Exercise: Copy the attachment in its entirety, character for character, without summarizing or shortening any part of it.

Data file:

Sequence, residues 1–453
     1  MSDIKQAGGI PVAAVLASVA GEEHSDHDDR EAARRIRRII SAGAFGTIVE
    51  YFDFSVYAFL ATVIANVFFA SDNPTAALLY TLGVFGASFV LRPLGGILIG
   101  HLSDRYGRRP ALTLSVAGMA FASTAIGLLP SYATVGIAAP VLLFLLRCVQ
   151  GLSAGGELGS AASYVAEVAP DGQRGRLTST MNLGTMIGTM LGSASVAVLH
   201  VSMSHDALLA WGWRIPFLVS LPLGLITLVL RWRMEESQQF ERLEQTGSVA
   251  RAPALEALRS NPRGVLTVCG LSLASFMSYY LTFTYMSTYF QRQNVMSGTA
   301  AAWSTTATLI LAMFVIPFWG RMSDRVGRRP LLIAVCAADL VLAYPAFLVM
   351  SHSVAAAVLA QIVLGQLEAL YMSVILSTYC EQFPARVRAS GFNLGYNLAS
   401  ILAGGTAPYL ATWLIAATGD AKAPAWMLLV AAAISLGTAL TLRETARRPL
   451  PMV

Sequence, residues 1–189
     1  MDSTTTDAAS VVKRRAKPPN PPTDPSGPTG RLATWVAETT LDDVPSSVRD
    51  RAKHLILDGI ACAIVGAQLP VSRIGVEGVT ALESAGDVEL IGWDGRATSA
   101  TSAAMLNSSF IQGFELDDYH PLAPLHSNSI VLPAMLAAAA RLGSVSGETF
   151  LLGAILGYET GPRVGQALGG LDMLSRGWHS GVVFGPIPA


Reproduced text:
Sequence, residues 1–453
     1  MSDIKQAGGI PVAAVLASVA GEEHSDHDDR EAARRIRRII SAGAFGTIVE
    51  YFDFSVYAFL ATVIANVFFA SDNPTAALLY TLGVFGASFV LRPLGGILIG
   101  HLSDRYGRRP ALTLSVAGMA FASTAIGLLP SYATVGIAAP VLLFLLRCVQ
   151  GLSAGGELGS AASYVAEVAP DGQRGRLTST MNLGTMIGTM LGSASVAVLH
   201  VSMSHDALLA WGWRIPFLVS LPLGLITLVL RWRMEESQQF ERLEQTGSVA
   251  RAPALEALRS NPRGVLTVCG LSLASFMSYY LTFTYMSTYF QRQNVMSGTA
   301  AAWSTTATLI LAMFVIPFWG RMSDRVGRRP LLIAVCAADL VLAYPAFLVM
   351  SHSVAAAVLA QIVLGQLEAL YMSVILSTYC EQFPARVRAS GFNLGYNLAS
   401  ILAGGTAPYL ATWLIAATGD AKAPAWMLLV AAAISLGTAL TLRETARRPL
   451  PMV

Sequence, residues 1–189
     1  MDSTTTDAAS VVKRRAKPPN PPTDPSGPTG RLATWVAETT LDDVPSSVRD
    51  RAKHLILDGI ACAIVGAQLP VSRIGVEGVT ALESAGDVEL IGWDGRATSA
   101  TSAAMLNSSF IQGFELDDYH PLAPLHSNSI VLPAMLAAAA RLGSVSGETF
   151  LLGAILGYET GPRVGQALGG LDMLSRGWHS GVVFGPIPA